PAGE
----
What were the practice sessions like? Were they full run-throughs? Did you remain in character?

Yeah, that's exactly right. What we did was replicated the same stage. I didn't see the vice president until nine o'clock, when it began. We shook hands and they were full dress rehearsals that went right through until the debates were over.

How many dress rehearsals did you do?

I want to say we did four of them.

Were there any points that you really focused on, specific areas where you thought Gore might be weak?

No, I was more interested for Vice President Gore in making sure he heard what Kemp was doing, what he was saying and what he was likely to say. It was pretty clear. I had served with him in the House Representatives for a longtime. We had also been personal friends, so I had a pretty good idea of what Kemp was going to say and how he was going to say it.

Over the course of these four rehearsals could you see the vice president improving?

Yes, there was no question that with each different practice he was better. He was better each time. He hadn't had a chance prior to the debate prep to do any of it. So in fact it was the very first time that he practiced, so one would expect that after practicing he would get better, and he did.

In the actual debate did anything come up that you hadn't prepared for?

Back then no, it went pretty much according to the script because Mr. Kemp had obviously not prepared as effectively or as well as Vice President Gore did.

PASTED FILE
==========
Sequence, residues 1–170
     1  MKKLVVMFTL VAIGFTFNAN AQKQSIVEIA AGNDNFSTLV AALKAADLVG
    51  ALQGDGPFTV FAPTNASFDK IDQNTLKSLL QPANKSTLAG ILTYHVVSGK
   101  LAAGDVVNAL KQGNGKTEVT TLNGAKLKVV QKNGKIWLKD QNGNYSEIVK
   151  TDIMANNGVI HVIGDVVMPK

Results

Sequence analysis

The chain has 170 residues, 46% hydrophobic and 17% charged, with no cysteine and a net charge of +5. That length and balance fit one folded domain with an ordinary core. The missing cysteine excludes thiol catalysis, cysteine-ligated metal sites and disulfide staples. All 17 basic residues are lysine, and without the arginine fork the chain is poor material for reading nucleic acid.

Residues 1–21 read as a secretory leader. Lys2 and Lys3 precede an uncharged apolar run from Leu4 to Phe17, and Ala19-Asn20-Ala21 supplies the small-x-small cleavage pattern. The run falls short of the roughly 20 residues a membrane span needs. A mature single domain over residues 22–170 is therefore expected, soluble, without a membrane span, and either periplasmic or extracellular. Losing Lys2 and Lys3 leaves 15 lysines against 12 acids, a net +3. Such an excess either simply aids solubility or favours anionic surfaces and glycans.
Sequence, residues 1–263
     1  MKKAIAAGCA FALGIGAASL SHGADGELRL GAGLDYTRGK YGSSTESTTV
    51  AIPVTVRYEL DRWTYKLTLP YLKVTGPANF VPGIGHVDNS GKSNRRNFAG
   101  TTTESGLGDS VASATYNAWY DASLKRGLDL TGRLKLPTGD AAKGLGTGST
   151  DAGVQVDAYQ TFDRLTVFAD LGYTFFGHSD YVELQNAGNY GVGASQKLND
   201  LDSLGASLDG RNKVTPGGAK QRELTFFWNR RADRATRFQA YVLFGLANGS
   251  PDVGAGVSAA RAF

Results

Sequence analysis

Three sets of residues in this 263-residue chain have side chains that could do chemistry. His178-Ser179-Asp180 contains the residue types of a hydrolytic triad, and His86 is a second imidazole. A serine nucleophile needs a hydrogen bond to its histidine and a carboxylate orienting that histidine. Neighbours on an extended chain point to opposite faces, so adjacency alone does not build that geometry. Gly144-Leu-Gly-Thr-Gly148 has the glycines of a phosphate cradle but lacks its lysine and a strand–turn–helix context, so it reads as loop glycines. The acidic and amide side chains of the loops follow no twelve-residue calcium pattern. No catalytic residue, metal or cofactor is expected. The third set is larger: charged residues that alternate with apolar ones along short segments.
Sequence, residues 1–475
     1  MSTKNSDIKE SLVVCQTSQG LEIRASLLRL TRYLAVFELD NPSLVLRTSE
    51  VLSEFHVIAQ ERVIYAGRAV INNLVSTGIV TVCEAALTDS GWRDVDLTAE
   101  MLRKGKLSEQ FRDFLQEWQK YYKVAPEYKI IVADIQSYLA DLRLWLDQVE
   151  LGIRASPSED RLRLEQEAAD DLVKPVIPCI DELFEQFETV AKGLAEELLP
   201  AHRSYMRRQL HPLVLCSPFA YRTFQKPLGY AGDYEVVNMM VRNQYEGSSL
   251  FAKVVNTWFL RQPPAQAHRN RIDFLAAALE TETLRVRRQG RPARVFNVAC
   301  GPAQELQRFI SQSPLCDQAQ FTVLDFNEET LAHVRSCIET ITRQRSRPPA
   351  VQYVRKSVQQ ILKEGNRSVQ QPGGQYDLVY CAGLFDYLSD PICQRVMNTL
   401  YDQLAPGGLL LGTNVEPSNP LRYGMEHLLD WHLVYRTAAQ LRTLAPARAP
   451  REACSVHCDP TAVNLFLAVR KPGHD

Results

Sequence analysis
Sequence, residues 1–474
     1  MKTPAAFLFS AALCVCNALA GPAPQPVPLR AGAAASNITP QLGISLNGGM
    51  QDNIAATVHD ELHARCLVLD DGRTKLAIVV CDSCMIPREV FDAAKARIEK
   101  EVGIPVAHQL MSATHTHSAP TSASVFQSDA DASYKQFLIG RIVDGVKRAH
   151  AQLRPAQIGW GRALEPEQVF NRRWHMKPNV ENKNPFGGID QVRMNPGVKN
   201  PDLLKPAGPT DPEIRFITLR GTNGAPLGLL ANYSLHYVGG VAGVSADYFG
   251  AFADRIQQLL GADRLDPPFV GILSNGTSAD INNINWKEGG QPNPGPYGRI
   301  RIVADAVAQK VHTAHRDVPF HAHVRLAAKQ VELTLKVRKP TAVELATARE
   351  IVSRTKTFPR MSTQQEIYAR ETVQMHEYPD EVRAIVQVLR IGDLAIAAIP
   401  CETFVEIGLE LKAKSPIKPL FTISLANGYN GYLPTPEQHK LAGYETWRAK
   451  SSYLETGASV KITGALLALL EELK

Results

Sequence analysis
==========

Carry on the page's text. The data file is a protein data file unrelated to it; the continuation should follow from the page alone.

When you worked with Gore did it seem like he was invested in this as a worthwhile exercise?

Absolutely. I think he understood that it was necessary to go through the preparation because back then it was much more of a stylized [format]. It was a three-minute answer—which varied between the candidates—a two-minute rebuttal, and then a 30-second, what they referred to as a "surrebuttal." So most of the practice was making sure that you could frame your answers within the time limit.

From your perspective, are these debate exercises useful for the candidates?

Oh yeah, there's no question that they are, because otherwise you're going to be looking at this for the first time attempting to answers questions. The real practice it seems to me—the real purpose—is to be able to frame your ideas and answers within the allotted time specified. So unless you're just very good at doing that, or have just practiced that throughout your campaign, you need to practice doing that.